National Days of Prayer and Remembrance, 2008 During National Days of Prayer and Remembrance, we pay special tribute to the thousands of innocent victims who died on September 11, 2001. Our Nation honors the brave citizens, service members, police officers, and firefighters who heroically responded in the face of terror. On these important days, we reflect on the terrible events of September 11, 2001, and lift the victims and their families in our prayers.Our Nation will never forget the individuals who lost their lives in New York, Pennsylvania, and at the Pentagon. America remains inspired by the countless acts of kindness and sacrifice we saw that day -- fearless rescuers who rushed toward danger, a beloved priest who died helping others, two office workers who carried a disabled person 68 floors to safety.We also pray for the safety and success of the members of our Armed Forces now serving freedom's cause. We seek God's grace on their families, and commit to Heaven's care those brave men and women He has called home. We ask the Almighty to watch over America and pray for His providence and continued blessings on our country. May He always guide the ed States of America. As we defend our country against its enemies, we pray for help in protecting the gift of freedom from those who seek to destroy it, and we ask the Almighty to strengthen all those securing liberty on distant shores.NOW, THEREFORE, I, GEORGE W. BUSH, President of the ed States of America, by virtue of the authority vested in me by the Constitution and laws of the ed States, do hereby proclaim Friday, September 5, through Sunday, September 7, 2008, as National Days of Prayer and Remembrance. I ask that the people of the ed States and their places of worship mark these National Days of Prayer and Remembrance with memorial services, the ringing of bells, and evening candlelight remembrance vigils. I also invite all people across the world to share in these Days of Prayer and Remembrance.IN WITNESS WHEREOF, I have hereunto set my hand this twenty-eighth day of August, in the year of our Lord two thousand eight, and of the Independence of the ed States of America the two hundred and thirty-third.GEORGE W. BUSH200808/47108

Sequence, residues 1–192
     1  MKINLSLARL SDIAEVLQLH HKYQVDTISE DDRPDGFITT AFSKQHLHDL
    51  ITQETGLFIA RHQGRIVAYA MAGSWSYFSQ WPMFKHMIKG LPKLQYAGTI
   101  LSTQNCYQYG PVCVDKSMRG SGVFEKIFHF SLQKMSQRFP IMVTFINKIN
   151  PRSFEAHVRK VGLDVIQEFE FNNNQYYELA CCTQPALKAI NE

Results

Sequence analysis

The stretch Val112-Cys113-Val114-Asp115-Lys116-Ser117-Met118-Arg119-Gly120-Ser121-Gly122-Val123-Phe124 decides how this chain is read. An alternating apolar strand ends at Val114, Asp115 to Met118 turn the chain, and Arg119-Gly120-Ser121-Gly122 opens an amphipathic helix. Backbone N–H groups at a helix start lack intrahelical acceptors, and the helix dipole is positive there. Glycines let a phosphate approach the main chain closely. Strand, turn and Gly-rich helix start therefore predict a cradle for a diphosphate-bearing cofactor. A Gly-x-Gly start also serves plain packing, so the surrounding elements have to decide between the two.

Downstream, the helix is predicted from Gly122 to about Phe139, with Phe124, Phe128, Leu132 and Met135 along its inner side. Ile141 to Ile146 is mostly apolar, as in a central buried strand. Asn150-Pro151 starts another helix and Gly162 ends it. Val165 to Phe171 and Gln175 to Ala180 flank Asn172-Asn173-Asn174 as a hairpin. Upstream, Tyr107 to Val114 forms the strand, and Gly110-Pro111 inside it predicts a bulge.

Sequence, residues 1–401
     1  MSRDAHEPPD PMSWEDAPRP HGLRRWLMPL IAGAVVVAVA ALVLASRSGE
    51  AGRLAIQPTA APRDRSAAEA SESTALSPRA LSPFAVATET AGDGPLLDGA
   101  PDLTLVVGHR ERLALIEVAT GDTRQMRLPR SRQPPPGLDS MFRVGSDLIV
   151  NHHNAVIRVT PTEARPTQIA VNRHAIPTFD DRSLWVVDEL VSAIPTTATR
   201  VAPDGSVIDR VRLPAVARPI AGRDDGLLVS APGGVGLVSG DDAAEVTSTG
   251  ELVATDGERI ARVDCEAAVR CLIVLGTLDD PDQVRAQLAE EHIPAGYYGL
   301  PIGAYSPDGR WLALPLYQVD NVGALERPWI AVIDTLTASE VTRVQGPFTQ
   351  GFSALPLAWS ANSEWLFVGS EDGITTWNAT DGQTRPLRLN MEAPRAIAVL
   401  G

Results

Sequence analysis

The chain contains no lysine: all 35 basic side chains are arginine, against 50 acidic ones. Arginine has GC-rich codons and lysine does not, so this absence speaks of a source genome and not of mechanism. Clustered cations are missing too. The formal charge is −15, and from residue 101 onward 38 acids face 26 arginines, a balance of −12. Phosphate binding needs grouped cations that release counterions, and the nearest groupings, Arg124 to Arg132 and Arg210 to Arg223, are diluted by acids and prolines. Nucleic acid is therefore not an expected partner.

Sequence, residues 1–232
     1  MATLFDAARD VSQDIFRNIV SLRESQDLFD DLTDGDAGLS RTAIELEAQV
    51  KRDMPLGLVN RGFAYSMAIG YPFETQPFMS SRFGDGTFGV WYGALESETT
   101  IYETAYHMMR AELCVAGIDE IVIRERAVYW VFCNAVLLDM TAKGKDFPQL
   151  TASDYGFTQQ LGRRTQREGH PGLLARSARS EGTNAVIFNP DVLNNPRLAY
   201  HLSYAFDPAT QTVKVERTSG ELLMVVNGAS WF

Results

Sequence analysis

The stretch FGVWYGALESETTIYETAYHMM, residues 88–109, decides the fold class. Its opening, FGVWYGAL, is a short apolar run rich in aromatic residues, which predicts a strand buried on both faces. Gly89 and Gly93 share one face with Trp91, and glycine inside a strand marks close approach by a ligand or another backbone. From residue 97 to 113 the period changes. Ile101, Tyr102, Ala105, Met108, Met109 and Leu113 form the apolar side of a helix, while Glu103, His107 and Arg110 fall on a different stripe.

Last night, the President laid out the framework for a compromise that ensures no middle class family sees a tax increase, those looking for work keep their lifeline, and the economic recovery gets a welcome boost. While the debate over the tax cuts and unemployment insurance here in Washington has led to a lot of political positioning, the President stressed that the two parties needed to work together to prevent a tax increase for American families on January 1st :Read the Transcript | Download Video: mp4 (93MB) | mp3 (9MB) 201012/120311